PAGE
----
Tech plays uptrend could last much longer than thought

November 26, 2019 17:11
Alibaba's successful secondary Hong Kong listing could inspire fresh interest in the tech sector on major stock markets. Photo: Reuters

The listing of Alibaba (09988.HK) in Hong Kong could ignite a new round of tech sector fervor on the stock markets. In fact, the previous three rounds of stock market boom (up to 2000, 2007 and 2017) were all led by tech stocks, whether in Hong Kong or in New York. There could be a bubble (speculative) component, but the underlying fundamental factors are real. Technologies do bring structural changes.

Some say the fourth industrial revolution is happening. Indeed. While the first two industrial revolutions in the 19th century transformed the goods producing or secondary industry from labor intensive to machine intensive, the recent two revolutions (TMT in the 1990s and AI and big data in 2010s) will do the similar transformation to the service sector.

Currently, tertiary industry forms a large component of advanced economies including the US and Hong Kong, employing a lot of people. If they are replaced by robots, it is not hard to imagine the amount of costs saved and the increase in efficiency.

Unemployment is a public issue, but the tech firms stand to benefit, and a surge in their stock prices won’t be surprising.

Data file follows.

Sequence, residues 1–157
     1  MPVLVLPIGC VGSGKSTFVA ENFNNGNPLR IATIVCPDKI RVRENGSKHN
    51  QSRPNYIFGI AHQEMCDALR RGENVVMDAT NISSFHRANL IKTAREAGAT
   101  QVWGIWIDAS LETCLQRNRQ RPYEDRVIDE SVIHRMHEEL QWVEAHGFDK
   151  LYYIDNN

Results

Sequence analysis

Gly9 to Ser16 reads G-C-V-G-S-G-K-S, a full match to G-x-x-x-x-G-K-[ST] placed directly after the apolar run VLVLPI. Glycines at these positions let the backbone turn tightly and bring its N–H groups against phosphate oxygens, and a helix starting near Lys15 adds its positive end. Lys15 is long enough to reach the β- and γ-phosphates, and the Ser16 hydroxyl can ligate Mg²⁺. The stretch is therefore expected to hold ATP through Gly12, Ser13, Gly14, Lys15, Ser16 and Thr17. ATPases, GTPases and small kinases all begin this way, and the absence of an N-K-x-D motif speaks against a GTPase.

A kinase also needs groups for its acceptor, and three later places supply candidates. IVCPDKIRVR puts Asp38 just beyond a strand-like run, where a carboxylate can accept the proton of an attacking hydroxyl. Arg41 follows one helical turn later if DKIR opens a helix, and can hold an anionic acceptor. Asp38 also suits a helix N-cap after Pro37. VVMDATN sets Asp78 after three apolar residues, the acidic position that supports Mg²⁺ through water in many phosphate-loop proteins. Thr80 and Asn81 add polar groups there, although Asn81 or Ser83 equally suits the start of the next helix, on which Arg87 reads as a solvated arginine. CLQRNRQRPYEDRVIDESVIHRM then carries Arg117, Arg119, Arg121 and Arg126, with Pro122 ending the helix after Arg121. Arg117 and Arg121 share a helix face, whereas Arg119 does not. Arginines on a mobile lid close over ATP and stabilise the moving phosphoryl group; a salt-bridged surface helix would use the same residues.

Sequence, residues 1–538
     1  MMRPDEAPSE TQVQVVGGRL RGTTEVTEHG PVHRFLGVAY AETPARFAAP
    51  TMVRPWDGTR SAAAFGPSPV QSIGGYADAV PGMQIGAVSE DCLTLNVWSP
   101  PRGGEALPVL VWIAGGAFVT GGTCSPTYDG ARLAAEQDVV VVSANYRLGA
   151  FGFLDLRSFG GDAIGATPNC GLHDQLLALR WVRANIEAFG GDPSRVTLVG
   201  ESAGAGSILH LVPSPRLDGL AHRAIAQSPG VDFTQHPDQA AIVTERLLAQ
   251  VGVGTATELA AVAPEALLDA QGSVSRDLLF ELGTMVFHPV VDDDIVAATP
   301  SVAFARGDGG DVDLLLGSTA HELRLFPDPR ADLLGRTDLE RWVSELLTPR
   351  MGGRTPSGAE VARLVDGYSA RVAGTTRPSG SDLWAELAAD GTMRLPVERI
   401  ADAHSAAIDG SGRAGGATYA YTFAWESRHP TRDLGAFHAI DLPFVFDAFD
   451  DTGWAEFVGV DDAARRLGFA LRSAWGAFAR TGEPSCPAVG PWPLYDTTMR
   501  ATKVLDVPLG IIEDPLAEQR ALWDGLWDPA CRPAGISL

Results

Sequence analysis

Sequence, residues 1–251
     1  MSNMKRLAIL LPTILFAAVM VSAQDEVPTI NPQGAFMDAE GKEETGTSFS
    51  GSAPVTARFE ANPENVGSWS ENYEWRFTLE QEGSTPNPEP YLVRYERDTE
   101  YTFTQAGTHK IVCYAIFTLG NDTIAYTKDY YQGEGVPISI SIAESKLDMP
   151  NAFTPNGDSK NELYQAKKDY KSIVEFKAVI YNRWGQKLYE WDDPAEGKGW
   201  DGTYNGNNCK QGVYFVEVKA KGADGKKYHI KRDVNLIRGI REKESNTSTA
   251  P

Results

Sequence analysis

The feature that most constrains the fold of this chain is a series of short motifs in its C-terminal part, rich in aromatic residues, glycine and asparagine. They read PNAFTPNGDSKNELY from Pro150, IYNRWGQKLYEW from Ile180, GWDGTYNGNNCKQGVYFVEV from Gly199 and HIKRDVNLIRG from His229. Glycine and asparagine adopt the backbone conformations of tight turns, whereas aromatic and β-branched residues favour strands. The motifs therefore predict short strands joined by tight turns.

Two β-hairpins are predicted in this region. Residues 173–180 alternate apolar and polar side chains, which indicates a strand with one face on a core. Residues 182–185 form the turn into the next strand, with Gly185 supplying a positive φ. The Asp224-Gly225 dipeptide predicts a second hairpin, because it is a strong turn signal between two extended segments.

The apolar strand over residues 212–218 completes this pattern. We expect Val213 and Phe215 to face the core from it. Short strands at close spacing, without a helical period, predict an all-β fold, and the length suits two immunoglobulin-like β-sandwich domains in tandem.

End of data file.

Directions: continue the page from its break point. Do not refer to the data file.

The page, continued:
From the business tendency survey, which shows how leaders perceive the industry outlook up to the current quarter, we see all industries are in a downtrend. Still, the information and communications sector is much better. This means entrepreneurs in the field agree with the market’s optimistic outlook on the sector.

Meanwhile, the business receipts index of the sector is speaking of something consistent. Receipts are the actual money made. The index was fluctuating around 60 to 70 before the financial tsunami but jumped to around 100 in early 2012 and has been staying at the level until now, reflecting the sector’s positive outlook.

Despite the bright prospect, tech is not a business anyone can enter. Given the high entry barrier, and the fact that lots of cutting-edge new technologies are still far from being accessible to anyone, the tech stock boom may have some more time to fully play out.

As the first two industrial revolutions extended for more than a century from 1760s to 1910s, don’t be surprised if the current revolution extends for a few more decades!

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RC

A business tendency survey shows the information and communications sector faring much better than others in terms of perceived prospects. Source: HK govt

The author is Adjunct Professor in the Department of Economics and Finance, City University of Hong Kong and previously the chief economist of a bank. (facebook.com/kachung.law.988, [email protected])